ProJo Notices the Stacked Arbitration Deck

A couple days ago I noticed that, with the arbitration bill coming up, Sen. John Tassoni had just been approved as a mediator. (The ProJo story reporting this also mentioned a few others). That led me to remark that it looked like the arbitration/mediation deck was being stacked ahead of time. The ProJo editors have also noticed and they also bring up a good point: familiarity won’t benefit the taxpayers:

Citizens also have a right to wonder: Just how fair would “unbiased” mediators be under such a system?
There’s good reason to wonder. Under the system, both sides of the table would choose an arbitrator. But here’s the rub: Chiefs of either the National Education Association or the American Federation of Teachers would be dealing with arbitrators over and over, while each city and town would interact with arbitrators only occasionally. This would place a strong financial incentive on an arbitrator to shade his or her calls toward the unions, in hopes of being hired the next time. Ruling against the taxpayers in one community would pose far less of a career risk.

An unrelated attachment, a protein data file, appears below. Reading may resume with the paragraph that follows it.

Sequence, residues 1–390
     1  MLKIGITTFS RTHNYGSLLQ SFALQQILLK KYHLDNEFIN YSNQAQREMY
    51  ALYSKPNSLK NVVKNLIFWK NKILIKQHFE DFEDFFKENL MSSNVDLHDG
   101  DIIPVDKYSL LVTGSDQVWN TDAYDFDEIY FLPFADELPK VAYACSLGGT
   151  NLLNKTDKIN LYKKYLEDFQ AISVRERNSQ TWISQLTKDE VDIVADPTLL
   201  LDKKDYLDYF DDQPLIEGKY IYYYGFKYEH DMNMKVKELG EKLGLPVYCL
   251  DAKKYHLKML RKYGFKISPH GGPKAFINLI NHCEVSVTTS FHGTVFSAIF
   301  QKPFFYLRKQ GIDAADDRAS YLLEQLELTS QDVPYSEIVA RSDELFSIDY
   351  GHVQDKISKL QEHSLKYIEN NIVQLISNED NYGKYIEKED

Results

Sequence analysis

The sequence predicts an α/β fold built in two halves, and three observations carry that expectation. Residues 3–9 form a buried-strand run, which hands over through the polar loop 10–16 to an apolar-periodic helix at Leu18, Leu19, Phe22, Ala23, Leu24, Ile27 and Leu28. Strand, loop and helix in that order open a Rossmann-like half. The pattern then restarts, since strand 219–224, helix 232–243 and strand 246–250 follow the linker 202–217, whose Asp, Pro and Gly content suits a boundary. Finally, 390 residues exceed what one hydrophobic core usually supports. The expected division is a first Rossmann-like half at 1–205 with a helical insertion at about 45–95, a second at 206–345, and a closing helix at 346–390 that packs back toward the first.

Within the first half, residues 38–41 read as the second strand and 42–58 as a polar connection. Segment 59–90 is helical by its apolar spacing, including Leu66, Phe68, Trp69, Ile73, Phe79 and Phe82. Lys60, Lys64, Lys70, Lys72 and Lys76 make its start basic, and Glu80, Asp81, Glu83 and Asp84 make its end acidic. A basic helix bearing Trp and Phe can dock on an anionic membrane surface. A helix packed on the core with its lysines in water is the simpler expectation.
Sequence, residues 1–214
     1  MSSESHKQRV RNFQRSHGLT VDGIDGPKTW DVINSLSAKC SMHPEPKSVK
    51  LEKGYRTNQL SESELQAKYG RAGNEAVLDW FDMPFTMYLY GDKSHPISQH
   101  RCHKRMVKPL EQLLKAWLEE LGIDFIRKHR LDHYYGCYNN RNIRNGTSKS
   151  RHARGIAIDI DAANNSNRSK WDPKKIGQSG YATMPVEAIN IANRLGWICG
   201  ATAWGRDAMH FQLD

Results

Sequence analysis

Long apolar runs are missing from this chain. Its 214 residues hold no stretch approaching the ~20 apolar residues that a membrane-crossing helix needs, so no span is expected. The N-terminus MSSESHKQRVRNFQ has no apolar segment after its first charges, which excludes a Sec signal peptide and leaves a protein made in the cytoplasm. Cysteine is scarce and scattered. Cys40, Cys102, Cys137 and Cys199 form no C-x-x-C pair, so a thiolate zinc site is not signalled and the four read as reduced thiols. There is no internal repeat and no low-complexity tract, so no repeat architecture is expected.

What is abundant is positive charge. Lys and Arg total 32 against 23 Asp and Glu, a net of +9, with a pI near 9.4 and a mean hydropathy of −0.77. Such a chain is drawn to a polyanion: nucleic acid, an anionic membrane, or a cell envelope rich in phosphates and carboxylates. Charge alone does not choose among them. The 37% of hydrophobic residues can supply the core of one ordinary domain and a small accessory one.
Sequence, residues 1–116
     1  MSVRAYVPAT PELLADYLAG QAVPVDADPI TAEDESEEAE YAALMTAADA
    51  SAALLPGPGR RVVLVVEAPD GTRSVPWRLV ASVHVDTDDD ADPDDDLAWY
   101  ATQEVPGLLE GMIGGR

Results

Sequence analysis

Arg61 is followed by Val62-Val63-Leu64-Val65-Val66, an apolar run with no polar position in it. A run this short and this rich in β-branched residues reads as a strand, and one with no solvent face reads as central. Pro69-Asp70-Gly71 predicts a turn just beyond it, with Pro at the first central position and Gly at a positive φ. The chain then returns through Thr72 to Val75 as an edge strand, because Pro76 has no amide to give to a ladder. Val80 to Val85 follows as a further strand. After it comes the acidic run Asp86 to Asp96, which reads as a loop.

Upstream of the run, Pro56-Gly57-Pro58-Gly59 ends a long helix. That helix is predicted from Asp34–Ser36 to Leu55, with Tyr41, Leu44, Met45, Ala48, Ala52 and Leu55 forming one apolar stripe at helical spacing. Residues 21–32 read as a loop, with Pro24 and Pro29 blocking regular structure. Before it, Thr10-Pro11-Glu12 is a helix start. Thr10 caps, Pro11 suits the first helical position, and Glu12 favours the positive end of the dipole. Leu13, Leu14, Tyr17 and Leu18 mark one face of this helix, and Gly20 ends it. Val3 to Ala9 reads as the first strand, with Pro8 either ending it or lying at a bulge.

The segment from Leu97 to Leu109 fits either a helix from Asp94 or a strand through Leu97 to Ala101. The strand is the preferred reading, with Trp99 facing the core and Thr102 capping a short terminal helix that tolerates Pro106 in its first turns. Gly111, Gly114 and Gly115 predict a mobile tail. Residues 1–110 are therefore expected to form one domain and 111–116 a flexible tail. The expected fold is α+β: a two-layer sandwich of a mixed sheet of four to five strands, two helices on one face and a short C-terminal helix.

UPDATE: Allow me to piggyback on this clarification from ProJo:

The Oct. 21 editorial “Sen. Tassoni’s new job?” — about legislation mandating binding arbitration in disputes involving teachers unions — referred to both labor arbitrators and mediators. While the binding-arbitration legislation has not yet been approved, typically state-approved arbitrators are chosen from among a group of different names than state-approved mediators. As the editorial states, Sen. John Tassoni has landed on the state’s list of qualified mediators.

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